Amundsen Og Jeg - Part 1


Tom Holloway and Amundsen
Tom Holloway and Amundsen

Tom Holloway, the librettist of the opera "South Pole", once lived in Norway. He writes about his last visit to Oslo, his liaison with Munch and Amundsen and the meeting with his former family-in-law for the first time after he left Norway. His story will be published in three parts.

I wish I could claim that the idea of this opera was mine. It seems like it should have been: This is a story about a British man and a Norwegian man that involves both Tasmania and Melbourne. I am a dual Australian/British citizen who is Tasmanian born and bred, once lived in Oslo and now lives in Melbourne. How could I not have come up with the idea of this opera? I don't know, but I didn't. It was all Mirek. You know something annoying about Miroslav Srnka? He's one of those people who are both brilliant and lovely. Don't you hate those people?
So, although I didn't come up with the idea for this opera, even though I should have, I want to tell you about my relationship with one of the story's key players, Roald Amundsen. I guess the best place to start is Oslo.

A little while ago I spent nearly two years living in Oslo. I was there for two summers and a winter. I loved it. It is a place of such extremes: Twenty hours of sunlight in June, twenty hours of darkness in December. Winter was a meter of snow and minus twenty-eight, added with clear days of cross-country skiing and fairy tale-like walks through silent snowfall. Summer was plus twenty-eight degrees, swimming off islands in the fjord, and golden twilight that lasted for hour after hour.
It can be an idyllic place, but it is most definitely a place of myth and mystery, because Norway is a Munch painting: Beautiful and serene at first glance, but the more you look, the darker it becomes. This makes it compelling. Endlessly compelling.

It was with this existing relationship to Norway that I first met Roald Amundsen. After Mirek (damn him) suggested this subject for our opera, I sat down and read Roland Huntford's book The Last Place On Earth. In it I discovered a version of Amundsen that captured everything I loved about Norway: a striking, honest and painfully effective man who does things the right way because questions of life and death have been day-to-day challenges for him, as they are for all Norwegians trying to survive in the harsh environment of their country. Huntford paints a version of Amundsen that is similar to the first glance of a Munch, full of colours in the right place, and people seemingly comfortable and happy in the park or on the beach or wherever they might be.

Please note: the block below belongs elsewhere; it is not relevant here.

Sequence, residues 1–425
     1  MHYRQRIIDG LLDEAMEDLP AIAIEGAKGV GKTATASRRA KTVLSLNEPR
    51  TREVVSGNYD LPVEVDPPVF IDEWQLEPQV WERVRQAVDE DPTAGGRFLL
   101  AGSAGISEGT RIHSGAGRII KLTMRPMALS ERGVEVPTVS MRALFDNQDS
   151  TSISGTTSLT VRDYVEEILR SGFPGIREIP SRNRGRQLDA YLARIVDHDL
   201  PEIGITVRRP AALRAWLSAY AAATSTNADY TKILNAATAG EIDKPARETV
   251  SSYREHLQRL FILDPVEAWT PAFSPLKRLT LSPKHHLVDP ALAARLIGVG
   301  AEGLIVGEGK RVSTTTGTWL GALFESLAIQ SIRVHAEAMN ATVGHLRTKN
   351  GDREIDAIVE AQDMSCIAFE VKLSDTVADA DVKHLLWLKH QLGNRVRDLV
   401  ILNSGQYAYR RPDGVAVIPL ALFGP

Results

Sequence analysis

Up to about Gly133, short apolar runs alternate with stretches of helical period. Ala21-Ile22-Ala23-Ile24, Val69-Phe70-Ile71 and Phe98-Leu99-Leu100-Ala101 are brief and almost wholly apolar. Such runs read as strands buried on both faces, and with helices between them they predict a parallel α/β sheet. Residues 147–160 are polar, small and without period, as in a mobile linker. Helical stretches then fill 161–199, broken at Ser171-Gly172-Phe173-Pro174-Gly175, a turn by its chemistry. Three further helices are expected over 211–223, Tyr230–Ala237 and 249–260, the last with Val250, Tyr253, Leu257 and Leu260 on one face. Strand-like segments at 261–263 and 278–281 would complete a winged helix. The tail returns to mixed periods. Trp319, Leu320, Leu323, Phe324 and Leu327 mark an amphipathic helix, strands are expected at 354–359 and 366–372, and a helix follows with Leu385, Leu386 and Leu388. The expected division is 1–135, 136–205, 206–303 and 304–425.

But then I read more about Amundsen from other writers. And I also read his own diary. Over and over.

Edvard Munch: The Dance of Life
Edvard Munch: The Dance of Life

The wallet I carry with me has a Munch painting on it. It is of a scene by the seaside. Couples appear to be dancing and kissing. Everyone is dressed in their Sunday Best. There is lush, green lawn going down to a golden beach, and the calm, still sea seems to be reflecting the golden sun.
But then when you really look at it, you notice some of the people have lime-green, distorted faces. One of the couples, who you thought were dancing and kissing, suddenly look like something much more treacherous might going on. Does that woman want that man on her like he is? And then you even notice it seems to be a moon reflecting in the sea, so all this is happening at night. In darkness, when all 'good folk' are sleeping. Are these people the dead, awakened? Why do the women on either side of the scene, one in white and one in black, look so sad and forlorn? I've carried this picture with me for nearly five years, and I still wonder at it.
The more I read about Amundsen, the more I began to see the darkness that sat under his confident, successful outward persona. He could be brutal with those he'd known the longest, he struggled to keep long-term relationships with women, and he seemed to prefer his own company to that of others. Why?
Now I saw him like this I had to wonder, did he do the incredible things he did... discovering the northwest-passage, being first to the South Pole and the first that we can be sure of (even if in a plane) to the North Pole... To achieve great things for humanity, or did he do them because he had potent demons that he needed to run from? Did he spend time in such cold and such extremes because these harsh environments seemed to match the emotional turmoil he took with him everywhere he went? Did the intensity of his pain push him to heights of success, and if so, what was the cause of it all? Why did this man who succeeded at so much, seem so failed at the basic rules of being human?

Read part 2

Holloway, Tom



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